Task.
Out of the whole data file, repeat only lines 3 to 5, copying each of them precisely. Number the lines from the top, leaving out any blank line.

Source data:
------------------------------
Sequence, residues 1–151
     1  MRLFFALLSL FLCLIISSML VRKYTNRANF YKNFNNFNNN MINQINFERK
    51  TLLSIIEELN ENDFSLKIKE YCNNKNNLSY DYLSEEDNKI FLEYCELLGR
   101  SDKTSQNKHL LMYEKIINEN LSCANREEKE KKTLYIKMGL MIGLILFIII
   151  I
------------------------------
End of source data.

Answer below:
    51  TLLSIIEELN ENDFSLKIKE YCNNKNNLSY DYLSEEDNKI FLEYCELLGR
   101  SDKTSQNKHL LMYEKIINEN LSCANREEKE KKTLYIKMGL MIGLILFIII
   151  I